DALLAS - Sept. 17, 2018 - UT Southwestern researchers today report the first use of CRISPR genome-wide screening to identify a gene that helps cells resist flavivirus infection. That nasty class of pathogens includes West Nile virus, dengue fever, Zika virus, and yellow fever.
In a study published in Nature Microbiology, the team led by Dr. John Schoggins, Assistant Professor of Microbiology, used the cutting-edge CRISPR technology to identify the IFI6 gene as a potent antiviral gene targeting flaviviruses. The researchers then used traditional cell culture studies to confirm the gene's role in protecting against infection by Zika, West Nile, dengue, and yellow fever viruses.
"Other studies have used CRISPR genetic screens to identify cellular genes that are required for flavivirus infection. Our study is the first to use this technology to identify cellular genes that inhibit infection," said Dr. Schoggins, a Nancy Cain and Jeffrey A. Marcus Scholar in Medical Research, in Honor of Dr. Bill S. Vowell, and a Clayton Foundation Investigator.
"In mammals, cells naturally defend against viral infection through interferon, a molecule that sets off a warning system that a virus has been detected and that the cells need to engage their viral defense systems. The cells do this by activating hundreds of interferon-stimulated genes," he said. "Flaviviruses cause substantial human disease, and interferon is involved in the body's innate immune response to these viruses."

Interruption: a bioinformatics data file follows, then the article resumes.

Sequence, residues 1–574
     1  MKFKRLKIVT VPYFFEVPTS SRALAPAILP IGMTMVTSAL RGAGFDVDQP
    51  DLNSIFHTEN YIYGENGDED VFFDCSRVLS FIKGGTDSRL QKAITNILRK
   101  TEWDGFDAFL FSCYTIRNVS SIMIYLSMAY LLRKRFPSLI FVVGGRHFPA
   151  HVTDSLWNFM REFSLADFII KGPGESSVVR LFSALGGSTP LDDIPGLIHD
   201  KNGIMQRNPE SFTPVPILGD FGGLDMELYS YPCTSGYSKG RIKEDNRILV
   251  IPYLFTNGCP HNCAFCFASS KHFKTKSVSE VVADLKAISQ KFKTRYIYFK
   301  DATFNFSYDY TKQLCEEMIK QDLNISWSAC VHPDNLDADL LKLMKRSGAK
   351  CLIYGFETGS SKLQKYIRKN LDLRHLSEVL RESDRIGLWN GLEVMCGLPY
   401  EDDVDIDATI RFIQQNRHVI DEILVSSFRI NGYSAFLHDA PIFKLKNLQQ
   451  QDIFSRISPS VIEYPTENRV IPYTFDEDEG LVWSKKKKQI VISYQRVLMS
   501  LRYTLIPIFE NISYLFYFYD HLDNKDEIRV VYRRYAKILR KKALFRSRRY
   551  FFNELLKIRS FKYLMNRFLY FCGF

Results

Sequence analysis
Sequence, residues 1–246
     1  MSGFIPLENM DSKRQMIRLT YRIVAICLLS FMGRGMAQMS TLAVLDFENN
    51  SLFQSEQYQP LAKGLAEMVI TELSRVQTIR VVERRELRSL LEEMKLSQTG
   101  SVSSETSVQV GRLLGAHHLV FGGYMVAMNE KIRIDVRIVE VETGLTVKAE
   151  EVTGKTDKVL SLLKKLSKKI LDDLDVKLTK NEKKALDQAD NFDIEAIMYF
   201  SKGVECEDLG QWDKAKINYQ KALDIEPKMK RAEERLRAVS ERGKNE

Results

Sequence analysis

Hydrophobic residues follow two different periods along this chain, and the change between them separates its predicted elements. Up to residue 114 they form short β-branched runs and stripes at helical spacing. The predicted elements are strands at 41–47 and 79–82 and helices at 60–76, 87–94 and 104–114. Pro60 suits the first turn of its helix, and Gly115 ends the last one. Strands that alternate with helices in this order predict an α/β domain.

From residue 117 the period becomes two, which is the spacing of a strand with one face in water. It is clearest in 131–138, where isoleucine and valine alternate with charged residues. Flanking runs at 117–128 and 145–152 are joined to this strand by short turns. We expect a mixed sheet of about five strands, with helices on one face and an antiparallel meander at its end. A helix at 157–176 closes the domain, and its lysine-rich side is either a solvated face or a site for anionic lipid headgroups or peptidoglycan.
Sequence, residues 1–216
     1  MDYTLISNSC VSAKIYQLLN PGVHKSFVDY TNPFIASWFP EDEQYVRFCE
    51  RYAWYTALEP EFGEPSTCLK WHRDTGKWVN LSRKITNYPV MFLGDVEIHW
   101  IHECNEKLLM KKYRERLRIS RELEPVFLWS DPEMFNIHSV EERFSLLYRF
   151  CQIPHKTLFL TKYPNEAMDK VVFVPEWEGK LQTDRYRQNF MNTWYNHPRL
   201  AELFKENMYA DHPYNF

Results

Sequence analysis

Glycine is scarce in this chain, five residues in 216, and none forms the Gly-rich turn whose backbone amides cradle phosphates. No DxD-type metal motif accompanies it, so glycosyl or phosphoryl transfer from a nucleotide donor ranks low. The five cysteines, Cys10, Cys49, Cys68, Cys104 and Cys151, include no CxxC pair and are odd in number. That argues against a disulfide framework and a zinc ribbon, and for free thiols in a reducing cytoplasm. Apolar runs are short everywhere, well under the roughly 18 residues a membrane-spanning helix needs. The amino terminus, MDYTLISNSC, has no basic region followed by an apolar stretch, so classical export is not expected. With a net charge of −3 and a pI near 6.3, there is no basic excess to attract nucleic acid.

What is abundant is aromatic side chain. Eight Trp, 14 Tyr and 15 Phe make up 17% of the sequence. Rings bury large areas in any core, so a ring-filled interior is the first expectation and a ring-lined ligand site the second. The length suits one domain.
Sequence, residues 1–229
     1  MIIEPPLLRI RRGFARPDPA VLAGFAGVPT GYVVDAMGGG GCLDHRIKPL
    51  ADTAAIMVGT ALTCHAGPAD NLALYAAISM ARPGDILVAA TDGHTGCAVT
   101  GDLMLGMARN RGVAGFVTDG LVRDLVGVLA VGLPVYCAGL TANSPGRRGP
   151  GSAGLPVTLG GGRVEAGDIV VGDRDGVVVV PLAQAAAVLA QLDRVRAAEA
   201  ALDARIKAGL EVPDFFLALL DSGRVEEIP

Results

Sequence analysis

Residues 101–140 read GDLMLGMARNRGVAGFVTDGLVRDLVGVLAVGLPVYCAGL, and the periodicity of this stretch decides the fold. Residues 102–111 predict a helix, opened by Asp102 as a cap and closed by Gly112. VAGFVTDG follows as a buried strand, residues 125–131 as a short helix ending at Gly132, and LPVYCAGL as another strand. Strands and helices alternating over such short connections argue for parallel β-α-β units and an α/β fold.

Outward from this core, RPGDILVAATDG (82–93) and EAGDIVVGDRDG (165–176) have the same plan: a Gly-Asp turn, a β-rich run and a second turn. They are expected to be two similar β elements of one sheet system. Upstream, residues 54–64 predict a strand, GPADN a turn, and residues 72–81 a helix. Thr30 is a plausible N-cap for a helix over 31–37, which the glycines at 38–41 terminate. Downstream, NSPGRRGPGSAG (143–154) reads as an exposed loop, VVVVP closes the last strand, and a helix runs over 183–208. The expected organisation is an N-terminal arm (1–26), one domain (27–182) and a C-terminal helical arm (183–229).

Dr. Schoggins said the team used recently developed genome-wide CRISPR screening technology to identify which of the interferon-induced genes played a major role in suppressing flavivirus infection. He praised the work of graduate student and lead author Blake Richardson and of co-author Dr. Maikke Ohlson, a senior research scientist in his laboratory. "Blake performed all the phenotypic and mechanistic work on how IFI6 inhibits flaviviruses and Dr. Ohlson performed the CRISPR screen that allowed us to uncover IFI6 as a potent suppressor of flavivirus infection," he said.
"In the CRISPR screen, we used human liver cells and knocked out every gene in the genome - about 19,000 genes - one at a time. We then stimulated the cells with interferon, knowing that this stimulation would normally allow the cells to resist viral infection. For the cells that did not resist infection - because they were missing a gene due to the CRISPR knockout - we used next-generation sequencing to figure out the identity of the relevant genes," he said.
Dr. Schoggins explained that the CRISPR gene-editing technology made such a study extremely efficient, uncovering the prominent flavivirus-inhibiting role of IFI6.
"The brilliance of the technology is that all of these CRISPR-targeted cells are pooled together in just a few big cell culture dishes. The cells are also bar-coded so you know which gene is missing from each cell when you observe how they respond to the addition of interferon," he said.
"The technology is super cool," he added.